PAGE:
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Note taking methods

One of the challenges of university is figuring out how to take good notes in lectures without losing track of what is being said.

When it comes to taking notes in lectures, you need to figure out what works for you. Here are some recognised methods, but if you have one that works for you then go with it.

1. The Outlining method
This method involves using indentations, bullet points or numbers to visually distinguish the difference between main points, sub-points and details. You can make this method more effective by using different coloured pens, capitalisation or highlighters.


2. The Cornell Method
This method involves having 2 columns – one for the main point, theory, learning outcome, and the second for your notes, key-words or questions. At the end of each page with this method, it is suggested that you write a brief summary.


3. The Mind-map method
This method is one that you either love or hate. It involves putting the keyword, main point or learning outcome in the centre of the page and making branches that go from this main point to sub-points, details etc. The trick to making this successful is to make sure you leave enough room for all of your points and to use a separate mind-map for each point.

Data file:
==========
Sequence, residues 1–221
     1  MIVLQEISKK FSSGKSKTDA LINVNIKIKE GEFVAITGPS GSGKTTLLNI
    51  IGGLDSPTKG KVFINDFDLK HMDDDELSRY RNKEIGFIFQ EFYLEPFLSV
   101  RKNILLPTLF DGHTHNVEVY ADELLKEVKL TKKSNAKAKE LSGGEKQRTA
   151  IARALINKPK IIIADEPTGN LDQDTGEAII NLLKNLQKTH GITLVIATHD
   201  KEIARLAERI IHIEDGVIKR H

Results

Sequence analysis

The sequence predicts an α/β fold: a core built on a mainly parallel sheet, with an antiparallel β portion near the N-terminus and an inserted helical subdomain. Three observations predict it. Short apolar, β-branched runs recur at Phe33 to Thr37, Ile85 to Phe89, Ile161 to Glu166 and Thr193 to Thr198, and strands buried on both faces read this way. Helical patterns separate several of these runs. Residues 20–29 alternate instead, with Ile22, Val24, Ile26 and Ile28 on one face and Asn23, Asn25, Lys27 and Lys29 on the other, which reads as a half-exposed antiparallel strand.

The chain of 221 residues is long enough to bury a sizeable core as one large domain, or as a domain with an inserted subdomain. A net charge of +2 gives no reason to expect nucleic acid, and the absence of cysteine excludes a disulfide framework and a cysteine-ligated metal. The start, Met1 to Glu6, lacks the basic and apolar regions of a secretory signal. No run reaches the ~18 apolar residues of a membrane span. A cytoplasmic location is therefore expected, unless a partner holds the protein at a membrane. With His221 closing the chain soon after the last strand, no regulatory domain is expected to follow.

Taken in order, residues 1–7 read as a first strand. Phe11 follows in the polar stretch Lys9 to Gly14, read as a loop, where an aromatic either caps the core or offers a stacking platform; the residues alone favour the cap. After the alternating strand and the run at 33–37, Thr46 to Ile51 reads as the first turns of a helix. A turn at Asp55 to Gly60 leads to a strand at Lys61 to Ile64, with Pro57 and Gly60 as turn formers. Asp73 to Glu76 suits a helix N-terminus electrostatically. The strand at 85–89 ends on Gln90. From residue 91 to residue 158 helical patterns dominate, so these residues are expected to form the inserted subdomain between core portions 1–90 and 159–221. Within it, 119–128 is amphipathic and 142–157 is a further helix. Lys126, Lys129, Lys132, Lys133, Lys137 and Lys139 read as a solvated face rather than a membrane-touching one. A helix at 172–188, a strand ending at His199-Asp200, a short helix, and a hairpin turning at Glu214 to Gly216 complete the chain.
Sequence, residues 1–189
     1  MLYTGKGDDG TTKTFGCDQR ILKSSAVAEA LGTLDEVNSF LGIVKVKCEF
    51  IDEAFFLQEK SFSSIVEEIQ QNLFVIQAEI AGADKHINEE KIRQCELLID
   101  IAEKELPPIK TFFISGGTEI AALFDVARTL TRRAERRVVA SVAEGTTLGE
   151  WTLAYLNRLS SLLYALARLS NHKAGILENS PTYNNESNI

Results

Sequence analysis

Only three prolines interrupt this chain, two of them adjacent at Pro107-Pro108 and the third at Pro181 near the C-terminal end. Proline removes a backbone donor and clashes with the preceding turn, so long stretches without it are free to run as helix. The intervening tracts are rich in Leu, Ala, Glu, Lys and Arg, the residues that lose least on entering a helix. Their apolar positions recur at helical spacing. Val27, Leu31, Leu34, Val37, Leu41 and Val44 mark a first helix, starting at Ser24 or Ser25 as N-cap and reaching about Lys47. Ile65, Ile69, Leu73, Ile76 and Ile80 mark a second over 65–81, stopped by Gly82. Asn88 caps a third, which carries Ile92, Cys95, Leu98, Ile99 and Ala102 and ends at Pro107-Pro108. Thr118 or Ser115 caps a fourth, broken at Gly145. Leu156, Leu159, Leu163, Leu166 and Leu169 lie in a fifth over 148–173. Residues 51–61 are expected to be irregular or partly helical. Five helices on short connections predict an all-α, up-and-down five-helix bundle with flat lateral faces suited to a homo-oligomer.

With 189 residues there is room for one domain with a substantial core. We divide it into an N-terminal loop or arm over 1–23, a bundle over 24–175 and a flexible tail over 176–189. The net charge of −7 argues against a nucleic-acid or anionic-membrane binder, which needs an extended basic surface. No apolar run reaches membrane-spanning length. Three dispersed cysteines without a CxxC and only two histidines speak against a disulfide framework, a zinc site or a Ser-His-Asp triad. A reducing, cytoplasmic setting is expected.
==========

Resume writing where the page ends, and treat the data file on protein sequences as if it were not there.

4. The Charting method
This method involves using a table to make your notes. You can have separate columns for main points, questions, details etc. This method pretty much involves you classifying your information so you can easily access it.


Watch the following helpful video on notetaking.


Note taking tips

  • Always use your own words – translating points into your own words helps with information retention and understanding.
  • Use white space to your advantage by separating major points or emphasising sections.
  • Don’t try and use as little space as possible – spread out, even if you only have one main point per page.
  • Develop your own type of shorthand to abbreviate your word/sentences. An example of this will be writing MB instead of Māori Business.
  • It can also be a good idea to maintain a glossary as part of your note taking for words that are important, or words you don’t understand and intend to look up.